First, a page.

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Herbal Essences

Herbal Essences Faces Backlash Over #PregnantWomenCan Campaign

Beauty brand Herbal Essences had great intentions when it  partnered with over 100 influencers, including the brand’s celebrity hairstylist Bridget Brager, Laura Reynoso of Spanglish Fashion, and Lady Antebellum’s Hillary Scott. They countered a prevailing notion that pregnant women are fragile beings and thus, the campaigned asked them to share the amazing things they were able to accomplish while pregnant.

With partnership with Wakefield Research, Herbal Essence sought to uncover what types of unsolicited advice pregnant women get while expecting. More than 60 percent were advised not to exercise when they were carrying, even though exercise is totally safe for most pregnant women, and 59 percent said they were told not to eat the same foods. And nearly 50 percent were told not to complete the same household chores

To prove that pregnancy doesn’t mean slowing down necessarily, the brand released a vide that highlights what real women were able to accomplish while pregnant despite often hearing that they “can’t.” In it,  pregnant women are seen working, lifting, dancing, surfing, performing, and more.

Problem: a lot of the activities are not necessarily safe for the babies in the pregnant women’s belly, hence the backlash in social media and among online viewers of the video.

“Just stop. Pregnant women can do most of those things, but shouldn’t,” one commenter wrote in the YouTube comment section to the campaign ad. “They are weaker than their average self, and shouldn’t risk their child’s life just for some dumb movement. Its like these people who text in drive. They are like ‘im a good driver, so i won’t get into an accident’ but end up doing so.”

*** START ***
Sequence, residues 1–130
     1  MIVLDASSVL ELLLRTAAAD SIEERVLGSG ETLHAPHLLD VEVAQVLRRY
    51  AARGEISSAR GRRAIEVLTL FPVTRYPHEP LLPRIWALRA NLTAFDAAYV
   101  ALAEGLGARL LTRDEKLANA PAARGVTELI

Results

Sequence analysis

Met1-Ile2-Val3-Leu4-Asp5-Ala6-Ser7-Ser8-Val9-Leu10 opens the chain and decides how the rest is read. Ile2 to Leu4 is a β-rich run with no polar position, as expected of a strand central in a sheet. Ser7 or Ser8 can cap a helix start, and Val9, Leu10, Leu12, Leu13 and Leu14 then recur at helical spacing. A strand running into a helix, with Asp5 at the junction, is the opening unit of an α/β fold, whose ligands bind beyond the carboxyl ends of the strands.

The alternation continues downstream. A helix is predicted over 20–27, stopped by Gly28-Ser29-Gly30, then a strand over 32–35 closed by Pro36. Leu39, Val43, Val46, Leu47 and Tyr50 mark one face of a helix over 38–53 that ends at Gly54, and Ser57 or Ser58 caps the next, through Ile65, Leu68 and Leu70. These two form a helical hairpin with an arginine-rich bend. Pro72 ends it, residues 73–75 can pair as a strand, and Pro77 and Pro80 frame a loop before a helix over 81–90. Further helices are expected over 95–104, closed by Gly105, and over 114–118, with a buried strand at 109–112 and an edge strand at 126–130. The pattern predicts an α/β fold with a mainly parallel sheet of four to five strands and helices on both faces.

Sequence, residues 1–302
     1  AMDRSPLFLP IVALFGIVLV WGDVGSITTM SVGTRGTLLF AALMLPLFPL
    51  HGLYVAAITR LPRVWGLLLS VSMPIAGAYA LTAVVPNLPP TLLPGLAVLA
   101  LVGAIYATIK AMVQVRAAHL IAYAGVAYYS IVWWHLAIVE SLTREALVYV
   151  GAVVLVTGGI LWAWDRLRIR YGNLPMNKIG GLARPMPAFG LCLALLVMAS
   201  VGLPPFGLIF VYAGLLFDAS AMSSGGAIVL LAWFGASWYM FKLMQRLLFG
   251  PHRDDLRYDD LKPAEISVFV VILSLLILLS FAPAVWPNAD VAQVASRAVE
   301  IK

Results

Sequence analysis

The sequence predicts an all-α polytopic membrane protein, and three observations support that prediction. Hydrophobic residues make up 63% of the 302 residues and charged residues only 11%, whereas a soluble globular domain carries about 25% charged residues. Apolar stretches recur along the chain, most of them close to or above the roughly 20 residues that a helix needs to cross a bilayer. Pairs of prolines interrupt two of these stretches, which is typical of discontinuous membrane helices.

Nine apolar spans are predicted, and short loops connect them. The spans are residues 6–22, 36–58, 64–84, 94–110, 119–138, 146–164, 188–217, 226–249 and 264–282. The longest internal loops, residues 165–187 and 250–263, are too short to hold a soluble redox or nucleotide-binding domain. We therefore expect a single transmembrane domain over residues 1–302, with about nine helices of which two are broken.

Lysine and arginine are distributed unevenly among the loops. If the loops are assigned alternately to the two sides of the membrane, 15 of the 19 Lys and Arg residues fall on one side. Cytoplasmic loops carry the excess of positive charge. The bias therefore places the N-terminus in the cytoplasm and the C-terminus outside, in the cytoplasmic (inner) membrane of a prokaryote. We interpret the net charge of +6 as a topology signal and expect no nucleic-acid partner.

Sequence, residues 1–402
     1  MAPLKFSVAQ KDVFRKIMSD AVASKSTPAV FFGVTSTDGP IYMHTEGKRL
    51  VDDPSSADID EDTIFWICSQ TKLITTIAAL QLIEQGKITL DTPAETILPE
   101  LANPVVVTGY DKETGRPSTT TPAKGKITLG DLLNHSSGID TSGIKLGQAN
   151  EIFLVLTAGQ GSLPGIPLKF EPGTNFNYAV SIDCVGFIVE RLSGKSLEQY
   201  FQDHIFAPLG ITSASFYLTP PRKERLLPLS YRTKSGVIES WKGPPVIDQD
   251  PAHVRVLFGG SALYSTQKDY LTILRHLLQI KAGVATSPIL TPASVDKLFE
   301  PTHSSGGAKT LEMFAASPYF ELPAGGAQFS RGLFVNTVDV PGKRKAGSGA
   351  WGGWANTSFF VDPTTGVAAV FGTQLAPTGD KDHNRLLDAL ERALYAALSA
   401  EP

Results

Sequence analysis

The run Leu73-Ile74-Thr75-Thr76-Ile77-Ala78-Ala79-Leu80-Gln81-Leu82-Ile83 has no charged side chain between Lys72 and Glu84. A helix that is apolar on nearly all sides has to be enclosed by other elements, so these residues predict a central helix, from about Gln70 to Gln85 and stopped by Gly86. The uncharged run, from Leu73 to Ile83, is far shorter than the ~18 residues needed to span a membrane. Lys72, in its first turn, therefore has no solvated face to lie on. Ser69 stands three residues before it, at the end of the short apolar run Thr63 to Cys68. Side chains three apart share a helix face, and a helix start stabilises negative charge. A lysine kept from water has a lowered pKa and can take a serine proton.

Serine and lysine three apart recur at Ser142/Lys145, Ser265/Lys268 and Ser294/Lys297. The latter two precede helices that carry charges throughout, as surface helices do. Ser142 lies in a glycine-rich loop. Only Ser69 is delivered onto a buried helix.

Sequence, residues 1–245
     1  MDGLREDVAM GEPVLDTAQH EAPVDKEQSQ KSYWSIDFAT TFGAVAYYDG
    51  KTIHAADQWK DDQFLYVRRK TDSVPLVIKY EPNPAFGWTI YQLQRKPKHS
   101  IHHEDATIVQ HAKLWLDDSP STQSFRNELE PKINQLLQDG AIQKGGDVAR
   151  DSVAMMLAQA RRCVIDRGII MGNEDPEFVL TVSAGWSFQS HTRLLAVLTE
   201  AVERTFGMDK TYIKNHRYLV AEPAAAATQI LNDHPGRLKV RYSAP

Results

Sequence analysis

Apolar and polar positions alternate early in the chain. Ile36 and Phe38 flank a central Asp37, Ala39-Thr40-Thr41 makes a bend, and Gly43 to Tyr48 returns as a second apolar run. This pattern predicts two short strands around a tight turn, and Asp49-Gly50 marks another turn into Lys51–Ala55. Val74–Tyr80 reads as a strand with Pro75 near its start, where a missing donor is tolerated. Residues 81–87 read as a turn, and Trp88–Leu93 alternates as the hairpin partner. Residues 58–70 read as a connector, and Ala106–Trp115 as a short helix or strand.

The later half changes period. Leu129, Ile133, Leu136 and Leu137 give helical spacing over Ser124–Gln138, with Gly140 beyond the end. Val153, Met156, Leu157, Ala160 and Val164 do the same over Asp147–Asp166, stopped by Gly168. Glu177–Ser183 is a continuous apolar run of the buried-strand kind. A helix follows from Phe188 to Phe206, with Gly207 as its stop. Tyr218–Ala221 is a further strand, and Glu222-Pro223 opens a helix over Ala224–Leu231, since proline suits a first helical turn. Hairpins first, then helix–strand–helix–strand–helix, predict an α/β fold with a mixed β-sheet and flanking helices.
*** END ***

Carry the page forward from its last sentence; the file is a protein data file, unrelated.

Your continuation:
Another replied, “do exercise, yes, but don’t overdo yourself. You still need energy to have your child.”

Some spoke about how their jobs actually required them to take it easy.

“When I was pregnant I worked as a CNA, and when I informed my charge nurse I was pregnant, she put me on light work,” one commenter said. “I had to take it easy, needed 2 people at all times to do any sort of heavy lifting, etc. Then when I was around 32 weeks along they wouldn’t let me work anymore, FOR THE BABIES SAFETY”

And one totally relatable: “What kind of a woman surfs when she is pregnant? Completely irresponsible.”

The advise from random people may be off base, but recommendations from physicians and medical institutions should be given more weight. For example, the Mayo Clinic suggests pregnant women consider avoiding:

  • Any exercises that force you to lie flat on your back after your first trimester
  • Scuba diving, which could put your baby at risk of decompression sickness
  • Contact sports, such as ice hockey, soccer, basketball and volleyball
  • Activities that pose a high risk of falling — such as downhill skiing, in-line skating, gymnastics, and horseback riding
  • Activities that could cause you to hit water with great force, such as water skiing, surfing and diving
  • Exercise at high altitude
  • Activities that could cause you to experience direct trauma to the abdomen, such as kickboxing
  • Hot yoga or hot Pilates
 If you do exercise at a high altitude, make sure you know the signs and symptoms of altitude sickness, such as headache and nausea. We’ve covered pregnant women who have faced backlash for weightlifting, running marathons, ice skating, or just exercising a lot, as a lot of celebs who do so are shamed online about.

We haven’t heard from any response from Herbal Essences to their well-meaning campaign.  Maybe they’ll just let it blow over.

h/t BCKOnline and Glam.com